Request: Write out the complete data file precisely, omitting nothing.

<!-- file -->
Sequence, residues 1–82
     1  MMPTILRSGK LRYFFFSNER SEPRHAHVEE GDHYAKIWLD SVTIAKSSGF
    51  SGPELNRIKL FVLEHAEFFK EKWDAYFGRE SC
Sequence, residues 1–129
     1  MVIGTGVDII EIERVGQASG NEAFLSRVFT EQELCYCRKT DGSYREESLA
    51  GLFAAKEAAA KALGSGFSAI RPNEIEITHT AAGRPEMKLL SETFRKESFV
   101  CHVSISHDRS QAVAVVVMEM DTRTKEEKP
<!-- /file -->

Sequence, residues 1–82
     1  MMPTILRSGK LRYFFFSNER SEPRHAHVEE GDHYAKIWLD SVTIAKSSGF
    51  SGPELNRIKL FVLEHAEFFK EKWDAYFGRE SC
Sequence, residues 1–129
     1  MVIGTGVDII EIERVGQASG NEAFLSRVFT EQELCYCRKT DGSYREESLA
    51  GLFAAKEAAA KALGSGFSAI RPNEIEITHT AAGRPEMKLL SETFRKESFV
   101  CHVSISHDRS QAVAVVVMEM DTRTKEEKP